Samantha, who also considered herself as multilingual-multicultural individual, was the only research participant who identified herself as a servant teacher during the first in-depth interview. She clearly stated that:
"Serving my students and helping my school to be highly responsive to differentiated teaching is crucial for me".
Furthermore, Samantha's social action and personal multicultural curriculum transformation and determination to promote radical changes in her students' direct world outside the classroom/ school all suggested that her teacher leadership was influenced by a servant leadership style. The table below summarizes the emerging culturally responsive leadership profile of the 6 participants.
It is important to highlight that our data analysis did not suggest a direct casual relationship between teaching performance standards and multicultural curriculum transformation stages. However, qualitative findings suggested an intrinsic relationship between NNES elementary ELL teachers, self-perception of their cultural identity, leadership style and their ability to perform multicultural curriculum transformation within traditional elementary ELL classrooms in a specific ESL context in the US. In other words, these qualitative findings cannot be generalized to all NNES elementary ELL teachers in ESL and/ or EFL contexts.
Conclusions & Implications for NNES Elementary ELL Teacher Education in an ESL Context
This paper explored NNES elementary ELL teachers' culturally-responsive leadership profile in a specific ESL context in a north-central school district of the United States of America. Comparative data analysis suggested that there was no causal relationship between NNES' elementary ELL teachers' culturally responsive leadership styles and their abilities to perform multicultural curriculum transformation.
According to McIntosh (2000), teachers should learn how to perform the five steps of curriculum transformation in order to effective transform a gender-centric and ethno-centric curriculum to a multicultural one. Moreover, graphical data, as discussed above, pointed out that all 6 participants scored below 70% in responsive curricula and teaching practices, caring community and cross-cultural communication skills, which suggested the importance of making more intercultural learning and teaching training opportunities available to them in order to further assist them in enhancing their curriculum transformation and culturally responsive leadership skills.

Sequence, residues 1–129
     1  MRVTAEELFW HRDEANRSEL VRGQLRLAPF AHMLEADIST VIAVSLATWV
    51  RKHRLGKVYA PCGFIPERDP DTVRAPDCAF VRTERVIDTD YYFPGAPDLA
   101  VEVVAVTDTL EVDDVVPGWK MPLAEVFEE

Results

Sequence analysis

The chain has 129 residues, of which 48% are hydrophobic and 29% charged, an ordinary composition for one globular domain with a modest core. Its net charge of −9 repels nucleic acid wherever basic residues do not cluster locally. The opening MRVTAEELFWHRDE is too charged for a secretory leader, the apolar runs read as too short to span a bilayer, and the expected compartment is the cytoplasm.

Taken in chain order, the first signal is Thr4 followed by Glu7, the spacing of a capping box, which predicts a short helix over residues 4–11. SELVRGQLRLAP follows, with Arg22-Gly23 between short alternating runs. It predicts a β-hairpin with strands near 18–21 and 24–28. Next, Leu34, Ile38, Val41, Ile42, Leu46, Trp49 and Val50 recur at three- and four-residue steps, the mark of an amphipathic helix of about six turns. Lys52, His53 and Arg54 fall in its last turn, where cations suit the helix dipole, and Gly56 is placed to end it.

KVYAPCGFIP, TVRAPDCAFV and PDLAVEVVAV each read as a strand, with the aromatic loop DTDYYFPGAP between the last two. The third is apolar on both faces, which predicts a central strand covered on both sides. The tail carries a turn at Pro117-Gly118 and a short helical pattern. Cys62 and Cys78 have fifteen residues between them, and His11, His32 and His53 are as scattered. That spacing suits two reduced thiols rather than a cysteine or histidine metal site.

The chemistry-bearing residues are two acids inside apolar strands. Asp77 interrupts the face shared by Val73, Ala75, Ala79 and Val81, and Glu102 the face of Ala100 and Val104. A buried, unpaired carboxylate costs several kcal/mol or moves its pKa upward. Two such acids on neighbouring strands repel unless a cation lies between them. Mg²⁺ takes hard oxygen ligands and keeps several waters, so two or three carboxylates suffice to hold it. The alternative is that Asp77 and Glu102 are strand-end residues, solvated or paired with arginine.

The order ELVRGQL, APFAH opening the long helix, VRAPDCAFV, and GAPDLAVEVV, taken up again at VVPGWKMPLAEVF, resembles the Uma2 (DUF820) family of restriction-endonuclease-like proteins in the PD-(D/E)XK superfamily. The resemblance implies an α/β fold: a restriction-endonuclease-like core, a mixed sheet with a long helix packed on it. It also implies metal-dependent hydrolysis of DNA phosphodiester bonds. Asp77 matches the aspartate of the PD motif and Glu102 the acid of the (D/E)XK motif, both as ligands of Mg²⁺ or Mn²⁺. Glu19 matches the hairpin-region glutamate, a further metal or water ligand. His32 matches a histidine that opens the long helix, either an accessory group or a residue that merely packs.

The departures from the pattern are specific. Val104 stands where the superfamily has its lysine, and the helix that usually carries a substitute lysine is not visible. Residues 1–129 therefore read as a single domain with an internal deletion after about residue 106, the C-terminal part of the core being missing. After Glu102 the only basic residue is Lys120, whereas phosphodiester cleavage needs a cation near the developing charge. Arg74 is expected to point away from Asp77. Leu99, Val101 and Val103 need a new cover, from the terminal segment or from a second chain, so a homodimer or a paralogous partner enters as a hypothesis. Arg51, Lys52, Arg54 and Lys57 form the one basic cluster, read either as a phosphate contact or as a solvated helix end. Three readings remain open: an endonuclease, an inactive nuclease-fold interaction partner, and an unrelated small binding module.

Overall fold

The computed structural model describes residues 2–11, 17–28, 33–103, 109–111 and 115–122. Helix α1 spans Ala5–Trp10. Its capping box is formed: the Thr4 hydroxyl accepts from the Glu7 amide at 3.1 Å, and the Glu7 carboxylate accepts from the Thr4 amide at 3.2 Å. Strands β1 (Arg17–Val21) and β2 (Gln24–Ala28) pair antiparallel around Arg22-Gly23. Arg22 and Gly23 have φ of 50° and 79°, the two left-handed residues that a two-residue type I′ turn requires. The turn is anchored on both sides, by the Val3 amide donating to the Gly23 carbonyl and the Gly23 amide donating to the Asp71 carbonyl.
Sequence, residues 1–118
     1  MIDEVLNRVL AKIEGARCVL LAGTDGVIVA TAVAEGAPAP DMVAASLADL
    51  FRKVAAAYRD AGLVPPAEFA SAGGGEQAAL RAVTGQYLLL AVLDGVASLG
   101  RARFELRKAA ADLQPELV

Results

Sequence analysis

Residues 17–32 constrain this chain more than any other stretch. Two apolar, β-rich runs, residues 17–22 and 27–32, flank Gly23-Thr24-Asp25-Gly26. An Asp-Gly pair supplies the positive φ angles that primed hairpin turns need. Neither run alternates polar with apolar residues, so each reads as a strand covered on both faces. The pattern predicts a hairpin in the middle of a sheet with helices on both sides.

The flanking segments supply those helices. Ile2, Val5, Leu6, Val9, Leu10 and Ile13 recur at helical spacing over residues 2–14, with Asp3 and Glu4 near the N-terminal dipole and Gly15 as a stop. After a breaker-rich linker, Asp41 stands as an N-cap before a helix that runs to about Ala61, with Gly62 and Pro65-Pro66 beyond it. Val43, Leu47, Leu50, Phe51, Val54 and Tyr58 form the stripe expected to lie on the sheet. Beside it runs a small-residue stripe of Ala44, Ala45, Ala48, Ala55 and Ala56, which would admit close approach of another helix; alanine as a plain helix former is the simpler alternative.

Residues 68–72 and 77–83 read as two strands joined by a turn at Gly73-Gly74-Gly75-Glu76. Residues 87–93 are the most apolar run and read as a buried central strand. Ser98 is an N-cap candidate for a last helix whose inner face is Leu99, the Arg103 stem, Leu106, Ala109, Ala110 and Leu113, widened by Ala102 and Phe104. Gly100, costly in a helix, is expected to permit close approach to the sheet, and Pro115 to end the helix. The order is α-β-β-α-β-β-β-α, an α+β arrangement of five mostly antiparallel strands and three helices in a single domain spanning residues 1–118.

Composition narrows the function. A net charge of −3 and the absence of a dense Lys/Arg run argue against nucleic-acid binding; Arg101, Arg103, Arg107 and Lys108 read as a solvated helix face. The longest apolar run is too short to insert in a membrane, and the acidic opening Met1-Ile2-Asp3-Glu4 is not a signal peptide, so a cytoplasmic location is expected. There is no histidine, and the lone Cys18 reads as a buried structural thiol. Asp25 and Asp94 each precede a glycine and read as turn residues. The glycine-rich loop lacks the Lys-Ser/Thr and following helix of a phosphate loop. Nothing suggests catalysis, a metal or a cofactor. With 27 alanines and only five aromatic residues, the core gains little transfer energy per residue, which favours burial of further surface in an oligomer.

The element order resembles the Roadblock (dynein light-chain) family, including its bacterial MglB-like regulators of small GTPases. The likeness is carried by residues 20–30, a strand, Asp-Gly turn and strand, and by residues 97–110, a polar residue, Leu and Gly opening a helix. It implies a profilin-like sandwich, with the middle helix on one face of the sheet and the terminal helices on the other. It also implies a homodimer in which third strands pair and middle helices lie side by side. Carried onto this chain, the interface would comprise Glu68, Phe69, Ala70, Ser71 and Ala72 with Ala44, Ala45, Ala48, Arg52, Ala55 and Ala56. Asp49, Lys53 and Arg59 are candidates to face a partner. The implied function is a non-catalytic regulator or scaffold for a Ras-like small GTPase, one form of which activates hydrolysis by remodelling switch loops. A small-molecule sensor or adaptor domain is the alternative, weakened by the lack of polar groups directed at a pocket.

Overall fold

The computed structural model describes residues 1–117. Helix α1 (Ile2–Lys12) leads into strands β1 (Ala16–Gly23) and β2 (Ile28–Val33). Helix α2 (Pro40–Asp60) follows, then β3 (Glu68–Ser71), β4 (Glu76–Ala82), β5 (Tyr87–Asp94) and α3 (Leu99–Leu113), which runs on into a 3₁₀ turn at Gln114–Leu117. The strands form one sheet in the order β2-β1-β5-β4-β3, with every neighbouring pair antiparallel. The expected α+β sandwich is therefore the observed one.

Despite practical constraints, data analysis highlighted how some participants where moving forward in the process of adopting culturally responsive instructional strategies such as instructional conversations, generative and school of contract, jurisprudential teaching and learning through play, which were essentially inclusive and gave each student voice to tell his or her own story within the elementary ELL classrooms. In the same vein, findings suggested that the adoption of those culturally responsive instructional strategies depended upon each participant's self-ranked cultural identity status and leadership style. Four NNES elementary ELL teachers who displayed transactional leadership style implemented the additive strategy of multicultural curriculum transformation. One NNES elementary teacher who displayed the transformative leadership style adopted the integration or structural strategy of multicultural curriculum transformation. Another NNES elementary teacher who displayed the servant leadership style adopted the social action and personal strategy of multicultural curriculum transformation suggested by Banks (1993) and McIntosh (2000).